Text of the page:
Out of the Country

The cost of higher education in the United States is utterly iniquitous.

As I discussed in the post Barbie Shoes (November 13, 2019), I’ve always enjoyed reading personal essays on-line. Although the Lifestyle section that once collected the best of such compositions has long since vanished, I still discover personal essays here and there, reading them with as much pleasure and interest—or disdain–as ever.

A year or so ago I stumbled across one such essay discussing the problems inherent in student loans. The author, a young woman who had endured years of financial problems when her loans were called in prematurely, described in detail her path to fiscal ruin.

I felt genuine compassion for her plight. The cost of higher education in the United States is utterly iniquitous. Even with scholarships, students (and sometimes their parents) are subjected to crippling financial burdens from the loans needed to finance a college education. At higher levels of education, Master’s degrees and PhDs, scholarships are not even available. The costs are simply insupportable.

As the young woman pointed out, too, there are no financial advisors available to these very young (usually, 17- and 18-year-old) borrowers. Short of a wise family member, there is no one to say to them, “Is the return you’re going to get on this investment truly worth it? Do you know how many years—years when you will be wanting, perhaps, to marry, start a family, buy a home—how many of those years will be spent simply repaying these loans?”

So I read her essay in a state of empathy. She wrote of having achieved her goal of acceptance at the college of her dreams, and starting her educational journey there, only to experience difficulties. As a young Black woman in a mostly-White campus, she mentioned enduring frequent microaggressions that left her emotionally depleted. I couldn’t really imagine how that would feel, but I had once endured relentless, vicious bullying at a new school as a teenager; while not truly analogous, I felt that experience at least gave me a slight basis for commiseration. I’d also witnessed the difficult adjustment experienced by several young people of my acquaintance to campus life. Being subjected to racist remarks would undoubtedly compound the usual adjustment difficulties.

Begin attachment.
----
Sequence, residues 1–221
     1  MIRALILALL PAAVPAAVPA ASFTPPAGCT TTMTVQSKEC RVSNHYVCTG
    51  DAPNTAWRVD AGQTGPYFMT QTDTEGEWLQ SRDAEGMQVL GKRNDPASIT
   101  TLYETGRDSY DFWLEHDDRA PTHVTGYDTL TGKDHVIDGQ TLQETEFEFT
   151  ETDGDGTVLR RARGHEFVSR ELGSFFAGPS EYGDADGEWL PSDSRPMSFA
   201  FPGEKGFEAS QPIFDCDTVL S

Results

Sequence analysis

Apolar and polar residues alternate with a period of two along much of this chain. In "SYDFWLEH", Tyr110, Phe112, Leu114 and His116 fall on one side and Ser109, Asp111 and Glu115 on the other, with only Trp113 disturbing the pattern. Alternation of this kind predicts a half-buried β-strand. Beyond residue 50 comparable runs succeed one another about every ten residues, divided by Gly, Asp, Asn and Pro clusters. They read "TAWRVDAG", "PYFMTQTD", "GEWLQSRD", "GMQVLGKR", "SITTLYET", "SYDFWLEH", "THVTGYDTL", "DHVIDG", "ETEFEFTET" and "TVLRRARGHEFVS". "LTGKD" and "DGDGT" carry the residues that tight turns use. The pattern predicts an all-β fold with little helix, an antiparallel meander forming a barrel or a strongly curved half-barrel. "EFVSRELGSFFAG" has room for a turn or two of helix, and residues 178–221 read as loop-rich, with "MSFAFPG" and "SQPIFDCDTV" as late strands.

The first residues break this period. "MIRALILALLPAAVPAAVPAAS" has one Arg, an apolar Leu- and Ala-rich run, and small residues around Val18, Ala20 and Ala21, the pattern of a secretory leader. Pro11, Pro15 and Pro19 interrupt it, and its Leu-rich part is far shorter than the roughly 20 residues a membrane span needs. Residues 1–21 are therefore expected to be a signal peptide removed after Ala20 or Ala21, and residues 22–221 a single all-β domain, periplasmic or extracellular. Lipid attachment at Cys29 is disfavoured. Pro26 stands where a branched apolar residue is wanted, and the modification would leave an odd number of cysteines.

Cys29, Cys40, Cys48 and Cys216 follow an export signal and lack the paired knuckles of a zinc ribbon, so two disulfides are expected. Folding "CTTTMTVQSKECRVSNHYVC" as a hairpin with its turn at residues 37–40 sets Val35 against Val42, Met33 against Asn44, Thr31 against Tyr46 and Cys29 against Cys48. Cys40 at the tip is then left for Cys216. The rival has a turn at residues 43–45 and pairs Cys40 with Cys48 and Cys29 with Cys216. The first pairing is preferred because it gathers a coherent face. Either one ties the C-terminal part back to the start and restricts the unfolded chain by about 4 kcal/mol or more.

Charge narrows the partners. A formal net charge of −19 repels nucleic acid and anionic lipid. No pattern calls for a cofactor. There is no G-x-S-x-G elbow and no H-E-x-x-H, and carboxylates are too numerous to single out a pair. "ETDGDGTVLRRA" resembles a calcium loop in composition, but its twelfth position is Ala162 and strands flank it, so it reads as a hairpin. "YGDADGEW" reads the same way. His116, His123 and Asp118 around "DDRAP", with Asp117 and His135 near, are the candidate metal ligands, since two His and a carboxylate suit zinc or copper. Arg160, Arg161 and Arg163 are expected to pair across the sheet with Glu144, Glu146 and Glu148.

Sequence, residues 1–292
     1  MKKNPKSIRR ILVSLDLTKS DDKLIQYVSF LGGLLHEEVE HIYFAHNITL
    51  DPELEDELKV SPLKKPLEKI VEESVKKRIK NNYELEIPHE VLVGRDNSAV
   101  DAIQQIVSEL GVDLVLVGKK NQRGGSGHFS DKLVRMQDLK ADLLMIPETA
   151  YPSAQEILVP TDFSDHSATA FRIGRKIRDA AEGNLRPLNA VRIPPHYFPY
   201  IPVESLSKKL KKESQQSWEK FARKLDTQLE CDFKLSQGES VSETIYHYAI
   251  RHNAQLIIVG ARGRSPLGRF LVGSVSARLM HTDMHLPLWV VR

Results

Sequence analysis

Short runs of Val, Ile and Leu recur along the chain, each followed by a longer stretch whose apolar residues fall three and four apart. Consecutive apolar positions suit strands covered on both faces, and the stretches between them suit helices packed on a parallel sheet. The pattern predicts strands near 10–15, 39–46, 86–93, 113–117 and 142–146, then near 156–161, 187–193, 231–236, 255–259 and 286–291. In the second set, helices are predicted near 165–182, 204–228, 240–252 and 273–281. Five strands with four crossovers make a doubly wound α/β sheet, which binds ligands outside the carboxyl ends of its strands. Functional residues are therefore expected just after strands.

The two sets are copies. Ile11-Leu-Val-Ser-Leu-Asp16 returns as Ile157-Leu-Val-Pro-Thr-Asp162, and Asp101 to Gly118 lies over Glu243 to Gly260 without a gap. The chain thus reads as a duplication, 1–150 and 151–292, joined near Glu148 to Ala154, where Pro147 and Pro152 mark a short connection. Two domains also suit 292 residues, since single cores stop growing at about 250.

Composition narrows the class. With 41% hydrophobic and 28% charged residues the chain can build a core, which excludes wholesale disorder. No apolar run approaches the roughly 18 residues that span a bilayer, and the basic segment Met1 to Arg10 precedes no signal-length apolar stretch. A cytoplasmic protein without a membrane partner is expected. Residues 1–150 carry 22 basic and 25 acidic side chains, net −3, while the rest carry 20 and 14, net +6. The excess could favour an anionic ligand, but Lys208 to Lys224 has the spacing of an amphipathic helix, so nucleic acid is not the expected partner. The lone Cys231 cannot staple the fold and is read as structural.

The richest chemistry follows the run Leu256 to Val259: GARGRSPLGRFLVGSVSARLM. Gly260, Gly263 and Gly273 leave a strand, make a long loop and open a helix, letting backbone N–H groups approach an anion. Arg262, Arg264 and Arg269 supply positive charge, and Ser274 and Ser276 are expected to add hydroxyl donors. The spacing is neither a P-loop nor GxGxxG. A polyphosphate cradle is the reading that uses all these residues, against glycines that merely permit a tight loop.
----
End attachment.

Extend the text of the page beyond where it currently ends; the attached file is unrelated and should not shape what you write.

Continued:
The young woman finally experienced what she described as a mental health crisis, one severe enough that she dropped out of college. Again, I commiserated. I’d endured multiple mental health crises in my life, stumbling through the first one, complete with suicidal ideation, when I was barely 14. The experience was unspeakably dreadful. I was sorry that she capitulated, but I acknowledged her misery.

Dropping out, though, resulted in her student loans being immediately called in. Payments were due. Now she carried a financial liability, while ill-equipped to find a job at a salary high enough to keep up with the payments. She was well and truly caught in the net of student loan hell.

So she defaulted—and began a years-long process of legal woes as she tried to manage the fiscal blows to her credit and future.

But it was at this point in her essay that I encountered the sentence which led me to question everything the young woman had written to this point: She stated that she missed a court date for a hearing on her debt due to the fact that she was out of the country.

Wait. What?

Out of the country? Why? For work? I reread the sentence; it specifically did not say, “for work”. Out of the country. Why? Was this trip a gift? A honeymoon? Did she need to get to someone who was ill, even dying? Again, things not said. And when? Court dates are generally set fairly far in advance; how is it she was unaware of the schedule? And where? Canada or Mexico? Did she simply drive across a nearby border? Or did she fly somewhere? Take a cruise? Never having been able to afford such travel myself, I was of the notion that international plane fare or cruise packages were expensive. Even passports weren’t cheap. Was she staying with someone for free, with many meals provided–or using hotels, paying car rental, eating restaurant meals? Student loan payments in default, a salary that purportedly didn’t cover making those self-same loan payments, but she could afford a trip to another country? Why wasn’t the probably-not-inconsiderable sum for this little jaunt spent on payments toward her legally-acquired loans?

I stumbled through the rest of her essay–complaints about the court system, excessive loan payments, and “rigged” financial systems–in a very different frame of mind.

Personal responsibility. Accountability. Determination. The determination that might have declared, “I don’t care what those racist fools throw at me, by God, I’ll show them! They’re not going to keep me from my education!” The sort of responsibility that, in my own circumstances, kept me slogging away in demeaning employment situations, enduring sexual harassment and gender pay gaps, in order to support my child, no matter what the cost to my mental well-being. The personal responsibility and strength of character to be totally accountable for one’s own decisions and behavior.

My compassion evaporating, I reread the young woman’s entire essay with a very different eye.

I still feel that the cost of a college education in the U.S. is iniquitous. Student loans are a terrible form of usury.

But Ms. Out-of-the-Country definitely contributed to her own problems.

If you enjoyed this post, you might also like “Barbie Shoes” as mentioned above, which you can find in the Archives from November 13, 2019.